No Direction Home is the first Dylan album to be very similar, in principle, to the Beatles' Anthology: a few outtakes of songs that we have not previously heard from the man at all, interspersed with a boatload of alternate takes and live versions of stuff we do know pretty well. And, just like the Anthologies, it shares the same problem — there are good reasons why none of these alternate takes made the final cut. Live performances aside, there is a huge deal of «work in progress» here, and for myself at least, these takes hold only historical interest. They might be seriously different from the final version — but in most cases, «being different» means «does not really work all that well».
One myth that the availability of these outtakes does ruin, or, at least, shatter a little bit, is the myth of «total spontaneity», according to which the usual process was as follows: Bob just threw some lyrics together, got some guys together, gave them the key to play in, and then they'd record everything in one, at max two or three takes. Very rarely, it was like that indeed, but in reality most of the tunes did go through a gestation period, and the second disc here, covering the early electric years (1965-66), proves that all too well. We already knew about ʽIt Takes A Lot To Laughʼ and how it started out fast and raunchy and then only started making real sense when they slowed it down (there is yet another fast version here, and it works no better than the one on Vol. 2). But we may not have known that there was a take on ʽDesolation Rowʼ with Al Kooper on electric rather than Charlie McCoy on acoustic guitar — it sure sounds different, with Al's raga-like, proto-Velvet Underground improvisation a far cry from Charlie's quasi-baroque flourishes, but fact is, Charlie knew what the song needs here much better than Al did, and thank you very much, Bob, for understanding that.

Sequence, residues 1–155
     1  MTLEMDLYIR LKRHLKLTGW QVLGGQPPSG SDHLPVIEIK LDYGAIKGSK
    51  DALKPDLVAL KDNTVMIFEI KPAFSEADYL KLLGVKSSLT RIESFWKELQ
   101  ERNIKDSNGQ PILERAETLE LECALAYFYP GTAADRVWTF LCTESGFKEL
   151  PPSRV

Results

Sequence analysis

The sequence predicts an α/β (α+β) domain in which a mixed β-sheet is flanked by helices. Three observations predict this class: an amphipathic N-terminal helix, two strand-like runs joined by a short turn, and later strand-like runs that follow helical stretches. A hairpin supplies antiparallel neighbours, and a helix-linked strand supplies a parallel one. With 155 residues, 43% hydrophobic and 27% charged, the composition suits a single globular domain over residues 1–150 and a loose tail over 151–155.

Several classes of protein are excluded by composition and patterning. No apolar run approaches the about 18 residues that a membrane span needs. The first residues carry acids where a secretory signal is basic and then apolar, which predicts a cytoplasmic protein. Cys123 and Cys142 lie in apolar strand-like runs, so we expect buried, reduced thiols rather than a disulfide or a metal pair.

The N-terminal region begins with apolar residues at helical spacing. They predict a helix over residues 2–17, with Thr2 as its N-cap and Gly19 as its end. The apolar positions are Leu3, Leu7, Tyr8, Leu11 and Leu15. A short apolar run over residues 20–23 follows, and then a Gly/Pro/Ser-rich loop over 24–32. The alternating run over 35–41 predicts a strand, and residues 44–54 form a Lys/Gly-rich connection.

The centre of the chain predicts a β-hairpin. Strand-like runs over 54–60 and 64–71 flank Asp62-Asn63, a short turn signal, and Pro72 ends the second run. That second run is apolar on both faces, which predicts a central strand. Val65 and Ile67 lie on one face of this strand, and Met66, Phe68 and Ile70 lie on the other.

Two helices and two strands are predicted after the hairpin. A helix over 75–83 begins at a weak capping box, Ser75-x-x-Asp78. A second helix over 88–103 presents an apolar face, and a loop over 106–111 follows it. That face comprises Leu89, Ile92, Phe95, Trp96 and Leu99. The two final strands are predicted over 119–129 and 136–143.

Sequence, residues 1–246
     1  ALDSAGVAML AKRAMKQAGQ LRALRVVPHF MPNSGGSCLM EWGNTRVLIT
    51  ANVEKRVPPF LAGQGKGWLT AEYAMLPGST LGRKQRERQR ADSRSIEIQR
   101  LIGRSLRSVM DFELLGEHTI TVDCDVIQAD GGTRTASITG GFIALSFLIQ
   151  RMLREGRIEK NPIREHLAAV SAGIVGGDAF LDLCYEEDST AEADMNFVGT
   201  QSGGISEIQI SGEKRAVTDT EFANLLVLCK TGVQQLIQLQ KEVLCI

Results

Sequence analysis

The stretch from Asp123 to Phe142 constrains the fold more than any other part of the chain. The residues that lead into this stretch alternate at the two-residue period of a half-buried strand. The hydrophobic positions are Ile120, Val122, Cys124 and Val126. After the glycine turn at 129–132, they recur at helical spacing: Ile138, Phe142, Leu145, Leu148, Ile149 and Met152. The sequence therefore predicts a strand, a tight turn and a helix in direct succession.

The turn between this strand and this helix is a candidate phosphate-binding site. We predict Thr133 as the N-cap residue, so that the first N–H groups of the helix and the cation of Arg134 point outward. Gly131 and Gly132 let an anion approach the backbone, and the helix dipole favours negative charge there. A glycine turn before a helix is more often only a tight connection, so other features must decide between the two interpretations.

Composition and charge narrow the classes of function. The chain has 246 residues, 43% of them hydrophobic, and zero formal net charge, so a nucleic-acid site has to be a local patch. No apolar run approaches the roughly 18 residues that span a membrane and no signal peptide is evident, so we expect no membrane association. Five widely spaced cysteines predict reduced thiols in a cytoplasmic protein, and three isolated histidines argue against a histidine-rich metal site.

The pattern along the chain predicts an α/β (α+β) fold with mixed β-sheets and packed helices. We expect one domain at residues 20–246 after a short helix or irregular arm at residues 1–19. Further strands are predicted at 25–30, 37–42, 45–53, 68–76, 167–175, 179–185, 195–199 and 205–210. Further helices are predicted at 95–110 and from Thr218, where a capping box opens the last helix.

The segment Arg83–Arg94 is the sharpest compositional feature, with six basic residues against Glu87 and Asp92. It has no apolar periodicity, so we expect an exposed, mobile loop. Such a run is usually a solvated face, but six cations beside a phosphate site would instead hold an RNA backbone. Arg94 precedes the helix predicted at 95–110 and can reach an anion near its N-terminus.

Or take the two early outtakes from the New York sessions for Blonde On Blonde, recorded without the aid of the Nashville session people. ʽLeopard-Skin Pill-Box Hatʼ is slower and lazier than the finalized Nashville take, and has more of that uncomfortable «white boys play the blues» aura to it than the almost punkish punch of the final version. But the worst offender is ʽVisions Of Johannaʼ, which is seriously the only song on this album that I cannot listen to without cringing — the only excuse I can find for The Hawks' complete lack of understanding of how to play that song is that Bob, at this point, does not seem to understand it himself, screaming out the lyrics in «battle cry mode» as if this were ʽTombstone Bluesʼ. Horrible. And fascinating — that he did work it out, and eventually turned the disaster into an atmospheric masterpiece.